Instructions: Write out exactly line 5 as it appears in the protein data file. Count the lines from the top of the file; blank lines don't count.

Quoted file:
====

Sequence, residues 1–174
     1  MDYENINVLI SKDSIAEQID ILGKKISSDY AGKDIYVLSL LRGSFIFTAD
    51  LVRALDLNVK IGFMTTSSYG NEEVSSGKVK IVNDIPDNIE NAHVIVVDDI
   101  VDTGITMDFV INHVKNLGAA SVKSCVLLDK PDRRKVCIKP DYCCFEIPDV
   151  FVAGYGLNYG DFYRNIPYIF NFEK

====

   151  FVAGYGLNYG DFYRNIPYIF NFEK